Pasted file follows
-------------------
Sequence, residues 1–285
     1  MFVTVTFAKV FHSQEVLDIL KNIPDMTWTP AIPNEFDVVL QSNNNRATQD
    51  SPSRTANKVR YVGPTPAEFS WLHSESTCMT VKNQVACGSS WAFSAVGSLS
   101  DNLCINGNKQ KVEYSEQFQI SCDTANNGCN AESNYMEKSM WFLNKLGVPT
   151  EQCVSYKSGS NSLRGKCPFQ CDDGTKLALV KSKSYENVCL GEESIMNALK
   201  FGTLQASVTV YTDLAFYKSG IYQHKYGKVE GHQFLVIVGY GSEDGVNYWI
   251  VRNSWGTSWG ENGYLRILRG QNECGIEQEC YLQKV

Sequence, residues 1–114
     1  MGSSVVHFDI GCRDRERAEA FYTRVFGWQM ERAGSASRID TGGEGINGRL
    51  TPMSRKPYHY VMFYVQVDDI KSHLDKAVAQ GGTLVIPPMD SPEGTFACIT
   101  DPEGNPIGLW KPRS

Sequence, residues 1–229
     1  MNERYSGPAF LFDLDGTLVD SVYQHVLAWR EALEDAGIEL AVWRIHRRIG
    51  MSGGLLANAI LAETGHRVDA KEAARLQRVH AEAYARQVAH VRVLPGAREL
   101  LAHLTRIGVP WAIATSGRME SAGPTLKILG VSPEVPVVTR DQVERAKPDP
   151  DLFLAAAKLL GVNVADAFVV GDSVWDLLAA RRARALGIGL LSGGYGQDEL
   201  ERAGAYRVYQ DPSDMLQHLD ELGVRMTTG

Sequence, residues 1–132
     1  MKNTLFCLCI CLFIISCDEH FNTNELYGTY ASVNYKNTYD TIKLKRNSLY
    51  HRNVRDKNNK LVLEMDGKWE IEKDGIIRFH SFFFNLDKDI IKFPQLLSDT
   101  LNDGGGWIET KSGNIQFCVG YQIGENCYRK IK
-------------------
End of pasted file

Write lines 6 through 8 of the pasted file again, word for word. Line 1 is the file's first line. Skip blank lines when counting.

   201  FGTLQASVTV YTDLAFYKSG IYQHKYGKVE GHQFLVIVGY GSEDGVNYWI
   251  VRNSWGTSWG ENGYLRILRG QNECGIEQEC YLQKV

Sequence, residues 1–114